Psalm 45:10-11, 13-15

Listen to me, O royal daughter; take heart to what I say. Forget your people and your homeland far away. For your royal husband delights in your beauty; honor him, for he is your lord. [...] The bride, a princess, waits within her chambers, dressed in a gown woven with gold. In her beautiful robes, she is led to the king, accompanied by her bridesmaids. What a joyful, enthusiastic procession as they enter the king's palace!

Friday, August 01, 2008

Do We Know the Poor?

an excerpt from Mother Teresa's Heart of Joy: The Transforming Power of Self-Giving

A few weeks before my trip to the United States, someone came to our house by night and said, "There is a Hindu family with eight children, and they have gone several days without eating." I took a bit of rice and went immediately to their assistance. The mother took the rice from my hands, distributed it into two equal servings, and went out immediately.

When she came back I asked, "Where have you been? What have you been doing?" "They are hungry too," she answered. Right next to them lives a Muslim family with the same number of children. The Hindu mother knew they had been out of food for several days. She did what Jesus does: she broke bread. She broke her love and shared it with her neighbors.

I cannot describe to you the faces of those youngsters. When I went it, I knew they were suffering. I could see their little faces. I could see their eyes shining because of hunger. When I left, their eyes were shining with joy because both the mother and children were able to share their love with others. What impressed me most in that instance was that the woman knew. Do we know our poor people? Do we know the poor in our house, in our family? Perhaps they are not hungry for a piece of bread. Perhaps our children, husband, wife, are not hungry, or naked, or dispossessed, but are you sure there is no one there who feels unwanted, deprived of affectation? Where is your elderly father or mother?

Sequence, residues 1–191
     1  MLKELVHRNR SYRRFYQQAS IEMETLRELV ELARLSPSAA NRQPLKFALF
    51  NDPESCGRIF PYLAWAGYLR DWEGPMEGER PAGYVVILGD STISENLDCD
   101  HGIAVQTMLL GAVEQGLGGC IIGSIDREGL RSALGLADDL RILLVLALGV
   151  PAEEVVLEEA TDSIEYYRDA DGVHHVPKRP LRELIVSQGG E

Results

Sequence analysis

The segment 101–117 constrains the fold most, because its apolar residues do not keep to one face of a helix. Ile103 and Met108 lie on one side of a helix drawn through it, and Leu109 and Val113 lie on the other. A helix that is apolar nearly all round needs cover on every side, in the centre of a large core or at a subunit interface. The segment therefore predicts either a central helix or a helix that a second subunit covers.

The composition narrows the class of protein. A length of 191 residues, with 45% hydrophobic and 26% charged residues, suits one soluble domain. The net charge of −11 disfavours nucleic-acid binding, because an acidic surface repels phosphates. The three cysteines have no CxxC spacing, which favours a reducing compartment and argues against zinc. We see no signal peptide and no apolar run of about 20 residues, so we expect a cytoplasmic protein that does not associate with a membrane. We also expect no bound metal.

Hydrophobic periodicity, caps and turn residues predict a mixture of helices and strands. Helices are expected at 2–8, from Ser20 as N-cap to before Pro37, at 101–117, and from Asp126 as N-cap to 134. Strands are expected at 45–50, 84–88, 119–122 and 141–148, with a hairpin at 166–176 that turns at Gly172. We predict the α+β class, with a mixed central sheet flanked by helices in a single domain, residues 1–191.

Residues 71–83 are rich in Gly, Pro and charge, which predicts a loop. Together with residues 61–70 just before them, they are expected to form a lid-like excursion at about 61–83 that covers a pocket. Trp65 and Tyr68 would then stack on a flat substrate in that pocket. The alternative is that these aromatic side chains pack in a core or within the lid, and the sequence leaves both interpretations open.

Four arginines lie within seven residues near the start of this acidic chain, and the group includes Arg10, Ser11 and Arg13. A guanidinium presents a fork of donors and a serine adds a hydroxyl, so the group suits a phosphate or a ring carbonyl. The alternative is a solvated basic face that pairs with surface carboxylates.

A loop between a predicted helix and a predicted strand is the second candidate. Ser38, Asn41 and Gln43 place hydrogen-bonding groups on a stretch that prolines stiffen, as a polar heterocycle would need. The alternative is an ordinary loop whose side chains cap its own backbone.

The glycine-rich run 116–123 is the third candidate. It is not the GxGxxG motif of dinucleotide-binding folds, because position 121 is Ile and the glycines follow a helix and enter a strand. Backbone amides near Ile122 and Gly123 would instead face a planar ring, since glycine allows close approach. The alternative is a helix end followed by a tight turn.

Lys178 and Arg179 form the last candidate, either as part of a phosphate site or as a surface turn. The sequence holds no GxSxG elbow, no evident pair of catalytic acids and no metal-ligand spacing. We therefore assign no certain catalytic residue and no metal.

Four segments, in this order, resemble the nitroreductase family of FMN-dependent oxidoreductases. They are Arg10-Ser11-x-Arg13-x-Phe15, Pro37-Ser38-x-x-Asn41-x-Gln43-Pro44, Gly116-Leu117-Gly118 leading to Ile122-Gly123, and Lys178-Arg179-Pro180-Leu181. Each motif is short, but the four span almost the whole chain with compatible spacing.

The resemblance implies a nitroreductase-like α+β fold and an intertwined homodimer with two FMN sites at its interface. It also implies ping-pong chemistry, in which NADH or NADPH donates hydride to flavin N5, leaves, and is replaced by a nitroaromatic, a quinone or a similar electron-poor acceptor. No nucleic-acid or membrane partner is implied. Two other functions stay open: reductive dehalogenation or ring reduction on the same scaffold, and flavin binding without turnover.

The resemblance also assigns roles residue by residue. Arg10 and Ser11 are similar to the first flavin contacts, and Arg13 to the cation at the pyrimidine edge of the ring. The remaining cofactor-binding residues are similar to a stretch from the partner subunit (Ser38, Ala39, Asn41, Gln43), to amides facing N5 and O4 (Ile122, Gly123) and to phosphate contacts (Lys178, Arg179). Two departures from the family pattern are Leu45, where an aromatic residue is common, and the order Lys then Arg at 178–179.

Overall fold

One day I visited a house where our sisters shelter the aged. This is one of the nicest houses in England, filled with beautiful and precious things, yet there was not one smile on the faces of those people. All of them were looking toward the door. I asked the sister in charge, "Why are they like that? Why can you not see a smile on their faces?" (I am accustomed to seeing smiles on people's faces. I think a smile generates a smile, just as love generates love.)

The sister answered, "The same thing happens every day. They are always waiting for someone to come and visit them. Loneliness eats them up, and day after day they do not stop looking. Nobody comes." Abandonment is an awful poverty.
On one of our nightly walks through London, I discovered a teenage boy, with long, well-groomed hair. He was sitting, thinking. I said to him, "You shouldn't be here at this time. You should be with your parents. This is not a proper place for you to be at this time and on such a cold night." He stared at me and said, "My mother doesn't want me because I have long hair."

There was no other reason. A young man, a mere teenager, rejected by his own people, by his own mother! I reflected for an instant. "Maybe his mother is concerned about the hungry people in India, in Africa, or in the third world. Maybe she desires to meet the needs of all except her son. She doesn't know that poverty, hunger, exists in her own house. It is she who provokes such hunger."

That's why I ask: "Do we know our poor people? Do we know how poor we ourselves are?"

A nation that destroys the life of an unborn child, who has been created for living and loving, who has been created in the image of God, is in a tremendous poverty. For a child to be destroyed because of selfishness of those who fear they may not be able to feed one more child, fear they may not be able to educate one more child and so decide that the child has to die--that's poverty.


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